The students have also lost their chance to come and knock on our door to say hello, to ask a question, arrange a meeting, or just to share an idea. We should establish how that could work now from the beginning with each of the students on a case-by-case. There are students that need frequent communication, even if it is an email from our side or agreeing that we will expect some form of communication from them more regularly than previously… I have noticed that more students in my group have asked for set “deadlines” (I promised I won’t use this term as it sounds so … final; I prefer timelines which sounds controllable). There are so many things around us that are beyond our control that we all have a need to be in control of whatever we can; that is a possible explanation from my side for this need of student for specifics.
Relatively “free” supervisory styles might not fit in with such a suggestion, so the frequency is not prescribed but suggested. Also, frequent contact does not necessarily mean frequent deliverables. What I am saying is contact might be “Here is a paper that might help you” or “Here is a dataset that I discovered, Prof. What do you think?” For closer and more personal style of supervisory styles, sometimes a simple “How is it going?” can take the student a long way. Overall, the advice is just be accessible, firm but accessible.
It is customary to expect postgraduate students to contact their supervisors, but especially during these times a little kindness can go a long way. You could even consider a WhatsApp video call if you realise a student is in distress, or not. I have seen the wonder of a WhatsApp video call especially when a student’s loved ones are far and they are on their own. You, and their class mates to which they do not have access now physically might be their support system. Think about that for a moment.
Also consider that due to the restrictions imposed by the lockdown it has had major implications on the data collection strategies of most of our postgraduate students. Reach out to your students. Discuss alternative strategies. You are the one with the experience, if you are not, reach out to colleagues and together create a plan-that is why collegiality exist.
The role of a supervisor is most times coupled with the role of a mentor, a role model and a leader. In the case of teams of students, a supervisor is the leader of the tribe (my students recently called me the mother of the tribe). One of my favourite authors, Brene Brown, discusses that a desirable characteristic of a good leader is sharing vulnerability. She shares that “Vulnerability sounds liked truth and feels like courage”. We, as supervisors, need to be honest about our vulnerabilities; that does not mean sit and cry with our students about what happens in our personal lives. It means being authentic: if we have a bad day, there is nothing wrong about it, ESPECIALLY at current mentally-challenging times. We admit and own our mistakes, and we do not pretend we know everything all the time. We share our fears and insecurities; that can make our students feel that their fears and insecurities are not irrational at current times. We can laugh at ourselves to keep things in perspectives: I apologised to my students that I did not answer to emails this morning because I had to pretend I am Captain America and had to take Hulk and Captain America (my sons) to a mission (clean their playroom). We can share our own paths and journeys that have brought us where we are now: we were not born in our positions, sharing our lessons will firstly help them see that there is a light at the end of the tunnel and secondly, they will see they are not the only ones facing similar struggles.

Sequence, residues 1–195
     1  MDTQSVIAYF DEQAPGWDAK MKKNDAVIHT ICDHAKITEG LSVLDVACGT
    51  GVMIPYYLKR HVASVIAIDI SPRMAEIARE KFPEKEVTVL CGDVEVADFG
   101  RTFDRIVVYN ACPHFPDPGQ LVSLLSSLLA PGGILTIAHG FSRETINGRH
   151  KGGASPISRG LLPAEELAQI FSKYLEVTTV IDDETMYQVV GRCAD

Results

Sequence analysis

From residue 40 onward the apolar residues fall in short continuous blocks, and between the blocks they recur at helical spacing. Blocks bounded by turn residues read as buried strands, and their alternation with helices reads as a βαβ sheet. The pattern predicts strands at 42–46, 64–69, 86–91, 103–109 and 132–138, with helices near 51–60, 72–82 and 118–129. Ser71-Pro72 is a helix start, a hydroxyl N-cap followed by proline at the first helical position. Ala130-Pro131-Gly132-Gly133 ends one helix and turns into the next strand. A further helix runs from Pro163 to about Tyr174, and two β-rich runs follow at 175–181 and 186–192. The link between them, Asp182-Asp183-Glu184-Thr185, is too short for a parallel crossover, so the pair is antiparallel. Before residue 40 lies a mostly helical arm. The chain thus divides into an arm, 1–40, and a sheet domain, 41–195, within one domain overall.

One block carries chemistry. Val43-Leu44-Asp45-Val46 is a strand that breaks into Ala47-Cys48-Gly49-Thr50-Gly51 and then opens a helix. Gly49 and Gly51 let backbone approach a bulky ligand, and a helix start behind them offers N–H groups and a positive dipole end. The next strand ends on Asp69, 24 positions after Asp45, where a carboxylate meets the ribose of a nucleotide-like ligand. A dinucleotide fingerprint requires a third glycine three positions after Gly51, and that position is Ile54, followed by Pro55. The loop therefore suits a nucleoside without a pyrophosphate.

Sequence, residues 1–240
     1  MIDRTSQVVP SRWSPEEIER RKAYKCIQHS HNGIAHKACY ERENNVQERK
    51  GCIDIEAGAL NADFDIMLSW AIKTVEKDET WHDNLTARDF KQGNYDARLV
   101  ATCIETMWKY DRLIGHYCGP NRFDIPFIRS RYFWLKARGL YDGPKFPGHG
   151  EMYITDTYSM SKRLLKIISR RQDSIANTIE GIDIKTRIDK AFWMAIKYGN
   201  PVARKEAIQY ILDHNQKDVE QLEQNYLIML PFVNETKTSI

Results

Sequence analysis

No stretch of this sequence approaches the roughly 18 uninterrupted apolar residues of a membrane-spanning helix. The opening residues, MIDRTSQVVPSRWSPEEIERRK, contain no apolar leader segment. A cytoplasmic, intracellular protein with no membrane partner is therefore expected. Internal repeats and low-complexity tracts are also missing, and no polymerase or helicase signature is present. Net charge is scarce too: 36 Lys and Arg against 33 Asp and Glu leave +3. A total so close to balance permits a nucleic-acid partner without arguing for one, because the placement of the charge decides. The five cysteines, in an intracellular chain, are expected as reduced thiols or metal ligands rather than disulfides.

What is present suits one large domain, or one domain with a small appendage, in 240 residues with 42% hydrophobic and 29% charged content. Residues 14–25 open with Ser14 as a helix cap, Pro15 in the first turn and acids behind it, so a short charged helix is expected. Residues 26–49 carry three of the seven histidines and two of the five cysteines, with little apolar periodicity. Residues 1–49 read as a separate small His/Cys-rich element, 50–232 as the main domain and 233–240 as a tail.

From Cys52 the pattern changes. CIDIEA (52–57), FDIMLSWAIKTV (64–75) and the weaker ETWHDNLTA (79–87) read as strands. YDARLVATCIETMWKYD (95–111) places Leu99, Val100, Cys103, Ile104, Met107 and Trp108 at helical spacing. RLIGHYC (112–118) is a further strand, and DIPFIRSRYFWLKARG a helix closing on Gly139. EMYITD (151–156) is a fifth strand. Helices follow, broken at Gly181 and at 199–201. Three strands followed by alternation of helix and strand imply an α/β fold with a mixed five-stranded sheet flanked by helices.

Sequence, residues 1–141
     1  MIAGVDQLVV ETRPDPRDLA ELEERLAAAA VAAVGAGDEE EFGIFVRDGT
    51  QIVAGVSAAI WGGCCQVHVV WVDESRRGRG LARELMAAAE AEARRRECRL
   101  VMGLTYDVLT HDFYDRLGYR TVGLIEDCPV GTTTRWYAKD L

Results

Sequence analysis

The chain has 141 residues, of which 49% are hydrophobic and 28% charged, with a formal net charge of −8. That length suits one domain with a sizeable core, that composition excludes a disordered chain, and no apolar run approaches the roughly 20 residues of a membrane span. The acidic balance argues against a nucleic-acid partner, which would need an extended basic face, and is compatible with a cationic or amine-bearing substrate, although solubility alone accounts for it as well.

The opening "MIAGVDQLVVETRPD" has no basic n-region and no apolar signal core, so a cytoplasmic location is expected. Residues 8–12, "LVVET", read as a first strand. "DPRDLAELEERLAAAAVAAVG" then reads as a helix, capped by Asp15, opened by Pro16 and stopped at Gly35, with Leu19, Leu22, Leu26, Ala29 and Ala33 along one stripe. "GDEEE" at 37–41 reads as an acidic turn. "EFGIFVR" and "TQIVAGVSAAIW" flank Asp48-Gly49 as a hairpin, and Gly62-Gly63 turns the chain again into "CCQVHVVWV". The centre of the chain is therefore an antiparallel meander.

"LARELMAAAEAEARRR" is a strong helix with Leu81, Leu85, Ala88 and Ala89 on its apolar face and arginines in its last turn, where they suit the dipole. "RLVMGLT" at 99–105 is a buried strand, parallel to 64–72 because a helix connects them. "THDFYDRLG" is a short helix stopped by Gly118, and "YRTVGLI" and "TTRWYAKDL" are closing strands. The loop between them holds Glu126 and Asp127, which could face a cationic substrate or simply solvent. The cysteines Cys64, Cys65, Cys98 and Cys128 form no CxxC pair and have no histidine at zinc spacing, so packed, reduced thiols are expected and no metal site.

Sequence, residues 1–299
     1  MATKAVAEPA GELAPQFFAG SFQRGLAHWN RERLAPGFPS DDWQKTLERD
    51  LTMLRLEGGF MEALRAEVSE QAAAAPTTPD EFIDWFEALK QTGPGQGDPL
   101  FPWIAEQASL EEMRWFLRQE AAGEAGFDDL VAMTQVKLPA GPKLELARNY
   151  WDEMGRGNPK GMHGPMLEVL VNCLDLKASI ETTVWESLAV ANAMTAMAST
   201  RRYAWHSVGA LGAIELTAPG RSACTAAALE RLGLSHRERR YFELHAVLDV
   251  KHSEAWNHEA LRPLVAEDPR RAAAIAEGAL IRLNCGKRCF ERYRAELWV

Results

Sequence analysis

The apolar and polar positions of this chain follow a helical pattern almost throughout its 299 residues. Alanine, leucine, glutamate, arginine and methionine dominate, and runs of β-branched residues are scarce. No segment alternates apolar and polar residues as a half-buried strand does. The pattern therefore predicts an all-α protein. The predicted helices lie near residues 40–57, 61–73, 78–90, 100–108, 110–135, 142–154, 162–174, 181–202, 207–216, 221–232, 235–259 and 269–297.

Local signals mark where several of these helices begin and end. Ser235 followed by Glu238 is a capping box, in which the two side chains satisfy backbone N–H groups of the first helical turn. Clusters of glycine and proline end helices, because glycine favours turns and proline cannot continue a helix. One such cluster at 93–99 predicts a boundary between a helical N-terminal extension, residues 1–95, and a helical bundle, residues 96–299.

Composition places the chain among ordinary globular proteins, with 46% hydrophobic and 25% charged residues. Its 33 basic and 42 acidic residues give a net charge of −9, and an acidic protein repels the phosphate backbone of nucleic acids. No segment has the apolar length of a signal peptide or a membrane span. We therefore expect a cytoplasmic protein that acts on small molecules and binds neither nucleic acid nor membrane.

Closing with two thoughts. Always remember that all these need to fit the particular student-supervisor relationship and be in benefit of the final outcome. There is not a one-size-fit-all in supervision, but rather a mix-and-match. Differences are to be celebrated and not feared.
Finally, we all talk about the pre-lockdown and post-lockdown conditions and how we all adjust now but also how we will also go back to the “new normal”. I am wondering though whether the needs and expectations of the students from their supervisors have always been the same and will always be the same: academic advice, guidance and consultation, sense of belonging, mentorship and inspiration. Hence, whether under lockdown conditions, distance or close circumstances, the responsibility of the supervisor is to aim to adapt and provide the best learning experience for the students – however, nothing can be done without the effort and work by the students: research in postgraduate studies is the student’s primarily.
Students need to acknowledge that as a supervisor you also have various responsibilities and that you too are affected by the current situation. In all of this, communication is key. You cannot be available 24/7 and will have to set some kind of boundaries. You are probably home schooling your children, giving them art lessons about Jackson Pollock while populating that Excel sheet with the students marks your HOD wanted two hours ago.
I always think what if it was me? What if I was now for example a PhD student? What would I need to empower me? Let me be clear, not spoon feed, empower. But in the end, be kind. That is what all of us need more than anything right now.